Oh boy, it’s true, I inherited an ice cream maker. Readers, gird your loins for an influx of recipes for ice creams, sorbets, and all manner of delicious frozen delights. I’ve got a raspberry-cashew idea floating around, along with a hankering for something rich and chocolatey. I knew as soon as I had my eager hands on that ice cream maker (kindly given by Adam’s parents, who weren’t using it), that stracciatella ice cream would be high on my list of priorities.
My trip to Venice just over two years ago is largely dominated by memories of all the gelati I ate. Which was a lot. Four scoops a day? I’m not even lying. It was truly excessive. But delicious. There was lemon, and 70% chocolate, and watermelon, and hazelnut, and strawberry. Served to you, at my favourite gelateria, by a man who my friends and I christened ‘Hot Nasty’ (he was incredibly gorgeous, but slightly surly). But my favourite gelato flavour, guaranteed to be nestled in beside whatever other flavour I was trying, was stracciatella.
You see, the thing is, I’m a vanilla girl. Not that I don’t love chocolate (I really do). But, if you held a gun to my head and said that I had to pick between vanilla and chocolate for the rest of my life, I’d pick vanilla. Hands down. (What would you pick? I’d love to know!) Stracciatella combines, for me, the best of both worlds. It’s vanilla-y and creamy soft, with flecks of dark chocolate smattered throughout. Bliss (if you eat dairy, which I was at the time). Now, I return to Australia, after a dreamy (but hectic trip) and what do I find? That all stracciatella versions I come across are missing something, something subtle, something delicious. I ponder (for a long time). Then, serendipitously, one night at our favourite pizza place, the waiter tells us their gelato flavours that night: vanilla, strawberry, and stracciatella. “Which is vanilla, with flecks of dark chocolate and roasted almonds,” she tells us, in no way understanding the breakthrough she’d just thrown me into. Needless to say, Adam ordered some and I snuck a mouthful (we’re still in the dairy-days here).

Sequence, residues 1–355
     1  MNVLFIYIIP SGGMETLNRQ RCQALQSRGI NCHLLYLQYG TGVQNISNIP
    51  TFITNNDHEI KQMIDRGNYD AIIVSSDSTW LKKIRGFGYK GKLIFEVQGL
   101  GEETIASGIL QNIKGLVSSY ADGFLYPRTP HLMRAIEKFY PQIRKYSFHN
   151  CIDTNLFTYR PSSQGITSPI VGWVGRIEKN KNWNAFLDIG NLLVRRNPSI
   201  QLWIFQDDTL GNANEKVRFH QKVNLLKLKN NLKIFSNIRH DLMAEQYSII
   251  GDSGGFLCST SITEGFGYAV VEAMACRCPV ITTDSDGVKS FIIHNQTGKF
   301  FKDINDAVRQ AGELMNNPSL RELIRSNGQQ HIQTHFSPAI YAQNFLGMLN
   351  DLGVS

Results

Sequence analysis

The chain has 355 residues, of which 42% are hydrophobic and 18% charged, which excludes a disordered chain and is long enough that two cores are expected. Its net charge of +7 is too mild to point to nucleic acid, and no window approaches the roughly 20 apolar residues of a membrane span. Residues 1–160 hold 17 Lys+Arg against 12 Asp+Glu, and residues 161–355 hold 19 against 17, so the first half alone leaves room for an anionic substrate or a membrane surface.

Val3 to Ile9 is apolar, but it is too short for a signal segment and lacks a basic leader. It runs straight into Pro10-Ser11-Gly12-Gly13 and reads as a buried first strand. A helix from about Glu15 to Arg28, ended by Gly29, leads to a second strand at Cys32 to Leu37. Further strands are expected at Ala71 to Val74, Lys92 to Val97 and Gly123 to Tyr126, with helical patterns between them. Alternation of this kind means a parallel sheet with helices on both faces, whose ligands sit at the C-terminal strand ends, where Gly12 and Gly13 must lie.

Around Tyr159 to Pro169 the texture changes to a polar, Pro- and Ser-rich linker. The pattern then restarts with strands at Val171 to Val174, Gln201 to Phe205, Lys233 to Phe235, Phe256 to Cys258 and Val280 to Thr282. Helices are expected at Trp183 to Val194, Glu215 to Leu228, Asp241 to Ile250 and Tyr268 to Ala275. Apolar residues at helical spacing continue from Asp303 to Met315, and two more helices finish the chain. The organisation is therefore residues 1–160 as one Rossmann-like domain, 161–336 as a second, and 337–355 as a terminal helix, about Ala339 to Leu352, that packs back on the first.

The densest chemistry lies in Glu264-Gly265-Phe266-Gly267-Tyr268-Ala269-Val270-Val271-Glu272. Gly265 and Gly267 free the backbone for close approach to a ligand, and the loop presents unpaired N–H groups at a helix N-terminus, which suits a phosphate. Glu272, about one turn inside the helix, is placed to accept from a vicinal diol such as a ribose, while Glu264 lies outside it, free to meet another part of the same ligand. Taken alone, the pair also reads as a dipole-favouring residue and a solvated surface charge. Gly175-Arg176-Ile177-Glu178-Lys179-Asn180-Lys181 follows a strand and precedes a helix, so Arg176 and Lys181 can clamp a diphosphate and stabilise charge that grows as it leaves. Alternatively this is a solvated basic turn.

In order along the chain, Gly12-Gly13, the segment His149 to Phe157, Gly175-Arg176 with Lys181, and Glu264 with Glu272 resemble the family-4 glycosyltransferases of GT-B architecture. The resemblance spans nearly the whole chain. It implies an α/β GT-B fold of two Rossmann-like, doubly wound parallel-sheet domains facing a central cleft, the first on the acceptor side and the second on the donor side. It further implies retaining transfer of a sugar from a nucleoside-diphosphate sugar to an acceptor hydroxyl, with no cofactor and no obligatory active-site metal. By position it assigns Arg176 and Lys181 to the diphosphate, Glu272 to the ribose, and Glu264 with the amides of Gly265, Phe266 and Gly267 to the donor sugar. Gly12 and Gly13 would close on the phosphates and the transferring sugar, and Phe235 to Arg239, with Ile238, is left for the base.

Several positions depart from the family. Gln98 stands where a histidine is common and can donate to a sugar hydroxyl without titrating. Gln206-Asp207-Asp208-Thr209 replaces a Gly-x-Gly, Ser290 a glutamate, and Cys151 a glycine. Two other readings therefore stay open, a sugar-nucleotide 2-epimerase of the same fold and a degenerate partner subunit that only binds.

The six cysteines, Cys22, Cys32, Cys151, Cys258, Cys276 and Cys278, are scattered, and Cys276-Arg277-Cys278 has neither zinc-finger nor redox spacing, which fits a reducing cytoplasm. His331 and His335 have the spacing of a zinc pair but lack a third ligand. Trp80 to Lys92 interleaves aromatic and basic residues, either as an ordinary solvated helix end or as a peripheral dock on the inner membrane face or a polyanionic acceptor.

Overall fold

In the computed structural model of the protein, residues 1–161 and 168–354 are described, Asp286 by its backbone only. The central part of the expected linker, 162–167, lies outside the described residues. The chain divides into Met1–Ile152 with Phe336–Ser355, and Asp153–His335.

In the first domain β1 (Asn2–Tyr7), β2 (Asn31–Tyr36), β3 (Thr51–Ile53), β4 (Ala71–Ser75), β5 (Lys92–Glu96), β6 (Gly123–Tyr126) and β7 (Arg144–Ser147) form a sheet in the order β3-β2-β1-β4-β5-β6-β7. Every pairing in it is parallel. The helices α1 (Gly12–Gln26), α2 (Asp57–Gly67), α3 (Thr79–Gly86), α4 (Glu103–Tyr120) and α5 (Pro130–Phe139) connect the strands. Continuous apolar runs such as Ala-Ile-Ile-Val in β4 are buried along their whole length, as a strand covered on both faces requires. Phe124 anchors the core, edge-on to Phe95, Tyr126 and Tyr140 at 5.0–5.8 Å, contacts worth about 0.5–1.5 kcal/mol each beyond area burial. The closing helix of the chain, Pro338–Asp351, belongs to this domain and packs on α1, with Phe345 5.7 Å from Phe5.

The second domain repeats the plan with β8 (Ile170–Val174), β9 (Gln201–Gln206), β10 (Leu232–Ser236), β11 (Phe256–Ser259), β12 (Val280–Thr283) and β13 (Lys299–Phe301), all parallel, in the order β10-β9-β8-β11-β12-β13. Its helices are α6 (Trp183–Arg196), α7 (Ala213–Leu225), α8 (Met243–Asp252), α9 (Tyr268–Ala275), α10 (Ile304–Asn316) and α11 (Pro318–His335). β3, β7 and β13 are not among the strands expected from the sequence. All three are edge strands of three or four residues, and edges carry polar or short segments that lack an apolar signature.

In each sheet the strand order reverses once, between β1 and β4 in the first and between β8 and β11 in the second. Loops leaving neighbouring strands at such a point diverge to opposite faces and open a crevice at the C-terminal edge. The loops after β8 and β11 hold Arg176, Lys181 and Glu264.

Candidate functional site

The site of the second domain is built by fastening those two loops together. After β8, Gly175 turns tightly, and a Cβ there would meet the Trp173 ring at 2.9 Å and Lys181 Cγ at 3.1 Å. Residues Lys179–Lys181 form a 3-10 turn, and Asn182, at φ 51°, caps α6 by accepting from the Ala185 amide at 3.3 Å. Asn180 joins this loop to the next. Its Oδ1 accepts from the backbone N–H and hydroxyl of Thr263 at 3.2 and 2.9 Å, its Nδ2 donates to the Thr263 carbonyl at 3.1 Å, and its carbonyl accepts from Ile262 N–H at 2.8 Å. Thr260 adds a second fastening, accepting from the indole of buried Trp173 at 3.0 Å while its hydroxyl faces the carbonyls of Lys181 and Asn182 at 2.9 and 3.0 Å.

And there it was, the something that was missing: toasted almonds. But without any crunch or hint as to their existence. And that really is the secret – grinding them to form a ‘dust.’ So as soon as that ice cream maker was in my kitchen, I knew a vegan-friendly stracciatella was on its way. It’s made on a base of coconut milk, sweetened with maple syrup, and flavoured with what you might think is almost too-much vanilla. It’s silky and smooth without being rich. With the toasted almond and cacao nibs ground to a coarse dust, that ‘oh-my-what-is-in-this?’ feeling is retained. This stracciatella has a depth of flavour that makes me so very happy, recalling memories of a wonderful trip, and the city and people which made it so special. Buon Appetito!
makes about 750 ml
- You will make more of the almond-cacao dust than you need for this recipe, but fear not! You’ve just created something that is great as a topping on smoothies, granola, oats and probably even waffles. Store in an airtight container.
- If you’re not keen on cacao nibs, you could use dark chocolate chips instead (but I haven’t tried this). Blitz them along with the cooled almonds, but be careful they don’t melt everywhere.
- You could also use agave instead of maple syrup, but personally I enjoy the flavour which maple adds..
- 2 c (500 ml) full-fat coconut milk
- 1 c (250 ml) water
- 1/3 c (80 ml) maple syrup
- 1/2 vanilla bean, seeds scraped out
- 1 tsp vanilla extract
- 1/2 tsp xanthan gum
- 2 tbsp cacao nibs
- 2 tbsp flaked almonds, toasted
In a saucepan, over medium heat, combine coconut milk, water, maple syrup, vanilla seeds, extract and xanthan gum. Whisk to combine. Continue to heat, whisking regularly (so the bottom doesn’t burn) for 10 minutes, or until it comes to the boil. Once it reaches boiling, immediately remove from the heat and allow to cool completely before proceeding.
While the mixture is cooling, combine the toasted almonds and cacao nibs in a coffee grinder or food processor, and blitz them for ten seconds or so, so form a coarse ‘dust.’ Once the liquid has cooled, add to your ice cream maker and follow the manufacturer’s instructions. Once everything is moving about, add 2 tbsp of the almond-cacao dust. When finished, store in an airtight container in the freezer. Allow to thaw for 10-15 minutes before serving.